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Two stars of the new Broadway musical comedy talk about its healing properties
Prom has long been a rite of passage for American teens, a celebration of impending adulthood and, overwhelmingly, heterosexuality. That last part presents a problem for Emma in the new Broadway musical The Prom since she wants to bring her girlfriend. The PTA in her small Indiana town isn't having it, so prom is canceled, turning Emma into the high-school pariah. When the story makes national news, a group of out-of-work Broadway actors and their high-strung publicist take it upon themselves to rush to her aid with riotous results, not surprising given the show's pedigree (director-choreographer Casey Nicholaw won a Tony for The Book of Mormon, co-writer Bob Martin snagged a statuette for The Drowsy Chaperone, and songwriters Matthew Sklar and Chad Beguelin penned the tunes for Elf and The Wedding Singer).
The scrapped-prom setup is actually inspired a similar 2010 incident in Fulton, Mississippi, which instigated an American Civil Liberties Union lawsuit. Unfortunately, it didn't have a fairy-tale ending -- the student was able to attend the prom with her girlfriend, but only a handful of classmates showed up while everyone else went to a competing private event organized by angry parents. The Prom ultimately presents a more hopeful journey that not only reflects how Americans' attitudes toward the LGBTQ community have changed over the past decade, but how people on both sides of the political divide can talk to each other if they try.
Broadway veteran Beth Leavel, who won a Tony for her turn as the tipsy title character in The Drowsy Chaperone, has been with the show since its inception, originating the role of self-involved star on the wane Dee Dee Allen in The Prom's 2016 world premiere at Atlanta's Alliance Theatre. "She's a narcissistic diva, but you have to love her flaws," she says. "It was important to us that she was not only really funny, but that you cared about what happens to her."
Dee Dee schleps to the Midwest because she hopes to revive her flagging career via good press. But when she learns it will take time and work to save Emma's prom, she has some soul-searching to do.
"Dee Dee is not listening," Leavel says. "She's shocked that a lesbian kid would be kicked out, but she has to discover that there are a lot of different ways to live -- not just East Coast, elitist Broadway diva. What I love is that everyone is worth listening to, it's not one-sided. The writers worked hard to make sure that all points of view were represented, and crafted a story about listening, love and tolerance."
Another character who has trouble listening is Mrs. Greene, the conservative PTA president played by Courtenay Collins in her Broadway debut. Some may see her as the story's uncompromising villain, but Collins has a more nuanced take. "My job as an actor is to see what this character is driven by, and this character is driven by love of her daughter and fear of the unknown," says Collins. "It's been fun to sink my teeth into this person."
Collins, a popular Atlanta-based cabaret performer and vocal coach, also appeared in the Alliance production of The Prom. She's excited to transfer with the show to New York where she lived in her youth as an acting student at Juilliard. (Smartly, she's held on to her Upper West Side apartment all these years.) To develop Mrs. Greene, Collins drew on her experiences growing up and, later, raising her children in Sandy Springs, a suburb just north of Atlanta.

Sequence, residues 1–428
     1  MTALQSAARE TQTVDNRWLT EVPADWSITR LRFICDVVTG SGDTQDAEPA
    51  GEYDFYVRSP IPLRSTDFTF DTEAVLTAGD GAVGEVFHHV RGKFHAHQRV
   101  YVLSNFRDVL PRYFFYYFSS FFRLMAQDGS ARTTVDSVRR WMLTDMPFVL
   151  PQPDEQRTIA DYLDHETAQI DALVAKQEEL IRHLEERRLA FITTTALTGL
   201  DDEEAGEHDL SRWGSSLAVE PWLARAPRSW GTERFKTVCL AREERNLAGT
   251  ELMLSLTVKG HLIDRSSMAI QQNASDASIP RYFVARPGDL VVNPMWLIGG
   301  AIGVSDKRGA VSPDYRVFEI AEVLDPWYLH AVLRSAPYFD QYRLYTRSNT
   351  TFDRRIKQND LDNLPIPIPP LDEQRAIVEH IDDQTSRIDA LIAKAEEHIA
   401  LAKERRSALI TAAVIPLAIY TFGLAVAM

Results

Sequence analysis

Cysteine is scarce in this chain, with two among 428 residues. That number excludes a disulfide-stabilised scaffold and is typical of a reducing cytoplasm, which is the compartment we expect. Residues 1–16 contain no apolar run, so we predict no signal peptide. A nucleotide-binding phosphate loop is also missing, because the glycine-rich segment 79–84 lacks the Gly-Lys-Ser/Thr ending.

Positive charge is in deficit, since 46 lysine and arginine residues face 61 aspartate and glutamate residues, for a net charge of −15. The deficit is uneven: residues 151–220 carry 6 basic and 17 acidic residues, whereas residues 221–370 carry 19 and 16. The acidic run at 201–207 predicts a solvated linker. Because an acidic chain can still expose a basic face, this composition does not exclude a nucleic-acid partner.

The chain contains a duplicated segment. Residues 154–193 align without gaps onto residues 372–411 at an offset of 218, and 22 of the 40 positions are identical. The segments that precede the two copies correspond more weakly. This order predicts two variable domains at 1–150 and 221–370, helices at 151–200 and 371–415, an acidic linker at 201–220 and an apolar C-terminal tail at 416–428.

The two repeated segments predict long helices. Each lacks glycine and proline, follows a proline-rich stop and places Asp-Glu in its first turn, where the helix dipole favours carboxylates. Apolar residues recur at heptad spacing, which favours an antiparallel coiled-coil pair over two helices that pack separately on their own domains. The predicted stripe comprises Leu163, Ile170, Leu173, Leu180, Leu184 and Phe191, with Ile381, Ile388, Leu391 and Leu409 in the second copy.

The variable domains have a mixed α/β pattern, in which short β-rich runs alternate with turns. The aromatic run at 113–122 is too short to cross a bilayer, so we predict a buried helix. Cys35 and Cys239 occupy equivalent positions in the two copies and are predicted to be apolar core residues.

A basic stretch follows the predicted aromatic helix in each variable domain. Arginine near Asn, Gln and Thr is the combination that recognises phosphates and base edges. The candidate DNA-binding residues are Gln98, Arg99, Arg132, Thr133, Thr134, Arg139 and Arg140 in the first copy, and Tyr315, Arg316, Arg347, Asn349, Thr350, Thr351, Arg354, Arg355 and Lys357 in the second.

"We all know this woman," Collins says. "In my neighborhood at election time you see Democrats living right next to Republicans and we all love, know and support each other. There's no animosity; there's great respect. You turn on the news and there's such hatred on either side and I can't stand that. To be telling this story during a time of such great polarization in our world is great."
In many ways, Dee Dee and Mrs. Greene represent the two Americas that people find themselves living in: one conservative, the other liberal. Dee Dee doesn't understand why anyone would have a problem with gay people while Mrs. Greene believes these outsiders have come to judge her community without knowing the full story. But, despite their discord, these women who are on the opposite sides of everything help each other evolve.
"We go in with all these intentions of changing them and healing them and, lo and behold, they heal Dee Dee," Leavel says. "She peels that onion back and realizes she has a heart and the capacity to love, and it took coming to Indiana to find that."
Similarly, The Prom has been peeling back the layers on its audience, which has been Collins' favorite part of working on the show. "Gay men and women come up to me and say, 'I just want you to know that I had the exact same conversation with my mom,'" Collins says. "That fuels me as an actress and it makes me so grateful. It crosses political divides and goes more into the personal, and that has been the most rewarding part of playing this character. I respect each of those stories and carry them with me on stage."
Despite its social relevance, The Prom aims to be a fun evening for everyone, just as all proms should be. Leavel recalls dancing with her girlfriends at prom while Collins says hers sparked a measles outbreak at school. Everyone's remembrances are different, but giving all kids an opportunity to make those prom memories is the point of the show.
"I hope audiences will have a fabulous, entertaining, amazing night," Leavel says. "Maybe they'll go and have a conversation with someone or see someone differently because of how they feel about Emma. Sometimes theatre is a great mirror for us to learn from."
Top image: Beth Leavel and Michael Potts in The Prom. Photos by Deen van Meer.